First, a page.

Vancouver Canucks 2017 NHL Draft Profile: RW Wojtek Stachowiak

Jun 26, 2015; Sunrise, FL, USA; Brock Boeser walks to the stage after being selected as the number twenty-three overall pick to the Vancouver Canucks in the first round of the 2015 NHL Draft at BB&T Center. Mandatory Credit: Steve Mitchell-USA TODAY Sports
Jun 26, 2015; Sunrise, FL, USA; Brock Boeser walks to the stage after being selected as the number twenty-three overall pick to the Vancouver Canucks in the first round of the 2015 NHL Draft at BB&T Center. Mandatory Credit: Steve Mitchell-USA TODAY Sports /

The Vancouver Canucks are preparing for the 2017 NHL Entry Draft — and so are we.

Once again the Vancouver Canucks failed to secure a spot in the NHL playoffs. So, instead of competing for the Stanley Cup, Canucks GM Jim Benning and his staff will use the upcoming months to prepare next season’s roster. Now that the organisation is officially in a ‘transition period’, the 2017 NHL Entry Draft will be of utmost importance.

A four-game winning streak to start the 2016-17 season gave fans hope for the playoffs. But — blame the coach, the roster, injuries or anything else — unfortunately, the team was unable to play competitively for an entire season. With that, they are guaranteed another high draft pick this year.

Here at The Canuck Way, we will do our best to prepare you for the upcoming draft by profiling as many eligible players as we possibly can. Keep in mind that we are not saying these are players the Canucks are targeting. Instead, these are players that we think the Canucks could or should have interest in.

This year’s draft seems wide-open, with no real consensus in any of the seven rounds. So, it will certainly be interesting to see who will put on a Vancouver Canucks jersey come June.

Next up is German forward Wojtek Stachowiak of Jungadler Mannheim, who could be a late-round option in the draft.

Name: Wojtek Stachowiak

Position: Right wing, center

Shoots: Left

Birthdate: 1999-07-03

Height, weight: 6’1”, 187 lbs

Team, league: Jungadler Mannheim, DNL

Stats (from 








Risk, Reward: 1/5, 3/5

NHL-potential: Bottom-six forward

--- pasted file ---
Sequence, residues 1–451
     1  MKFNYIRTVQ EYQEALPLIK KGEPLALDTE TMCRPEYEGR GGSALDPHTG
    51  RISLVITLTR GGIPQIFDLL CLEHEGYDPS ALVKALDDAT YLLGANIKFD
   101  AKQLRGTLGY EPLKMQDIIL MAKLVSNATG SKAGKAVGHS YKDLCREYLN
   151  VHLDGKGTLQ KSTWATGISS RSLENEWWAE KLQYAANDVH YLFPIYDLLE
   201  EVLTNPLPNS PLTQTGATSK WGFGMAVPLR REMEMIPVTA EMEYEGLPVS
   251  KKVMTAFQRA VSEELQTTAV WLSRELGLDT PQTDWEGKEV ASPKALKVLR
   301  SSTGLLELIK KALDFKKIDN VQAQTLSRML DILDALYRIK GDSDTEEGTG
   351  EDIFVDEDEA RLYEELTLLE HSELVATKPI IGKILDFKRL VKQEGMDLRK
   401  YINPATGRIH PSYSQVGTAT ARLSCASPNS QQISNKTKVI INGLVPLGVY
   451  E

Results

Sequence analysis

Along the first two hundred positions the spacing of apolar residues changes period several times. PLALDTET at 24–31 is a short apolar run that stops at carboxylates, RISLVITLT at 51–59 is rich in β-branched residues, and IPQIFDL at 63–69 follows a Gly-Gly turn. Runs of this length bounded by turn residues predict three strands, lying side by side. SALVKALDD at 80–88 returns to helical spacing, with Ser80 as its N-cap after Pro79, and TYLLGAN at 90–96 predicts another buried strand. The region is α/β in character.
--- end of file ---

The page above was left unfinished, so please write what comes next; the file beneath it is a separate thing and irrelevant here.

Draft Range: Seventh round

Scouting report

"A relentless forward who fights for the whole 60 minutes plus OT. Plays a grinder’s game but is very skilled with good hockey sense. An excellent skater who can go end-to-end and finish plays. Aggressive on forecheck and backcheck, frequently forces early turnovers. Displays good hockey sense but can be too selfish at times. Needs to improve his shot, but finds ways to score thanks to his smarts. A great skater with good smarts who isn’t bothered by physical play."


Wojtek Stachowiak, a Polish-born forward who now plays for Germany, easily stands out every time he steps on the ice because of his work ethic and speed. He plays a strong 200-foot game and constantly buzzes around the ice, trying to get the puck and create offense. Stachowiak possesses excellent edge work and agility, allowing him to turn on a dime or cut to the middle without losing speed.

More from Draft

He is extremely aggressive on the forecheck and uses his stick to knock pucks loose. Stachowiak is a relentless worker who doesn’t quit until he gets the puck on his stick. He is equally quick and aggressive on the backcheck and frequently forces early turnovers with stick-lifts and by closing down passing lanes. A great two-way player who never slows down and never quits.

Stachowiak can play all three forward positions and create offense multiple ways. He can go end-to-end and rush by opponents with speed before driving to the net, or find open teammates to set up for scoring chances. Stachowiak is an excellent stickhandler in traffic and tight spaces who stays calm under pressure and has a strong grip on his stick, making him incredibly tough to knock off the puck.


Stachowiak works extremely hard and possesses great puck skills, allowing him to be a point producer in Germany, but it is difficult to project what he could do at a higher level. Especially his shot strength and accuracy in stride could be improved.

In addition, Stachowiak sometimes seems to struggle with tunnel vision. Does he not see his teammates? Is he too selfish? Or does he simply know his line mates aren’t as talented and therefore wants to try to score himself? It’s tough to say at this level of play.

Lastly, Stachowiak likely projects as a two-way player who grinds out goals at the next level. Many players of that type get drafted into the NHL every year, especially in the later rounds, but teams don’t go to Germany to find the next great grinder.

Final Thoughts

Chances are, Stachowiak hasn’t gotten much exposure in his draft year. He wasn’t listed by NHL Central Scouting because even they don’t regularly watch DNL hockey, so NHL scouts probably haven’t gotten lost in German junior rinks either. Plus, Stachowiak wasn’t eligible to represent Germany at the U18 worlds yet, so that didn’t help either.

If we assume Stachowiak did somehow find his way onto the radar of NHL scouts, he is certainly an interesting option. If he didn’t, he might have better chances as an overager next year, as he is a strong candidate for the CHL Import Draft who has drawn interest from more than one team.

Next: 2017 NHL Draft Profile Overview

This year, the Canucks could look at him with their seventh-round, 188th-overall selection. At that point, there is literally no risk involved. If Stachowiak makes his way to the CHL and becomes a candidate next year, you might need a higher pick than a seventh-rounder to get him, so making the move this year would not be a terrible decision.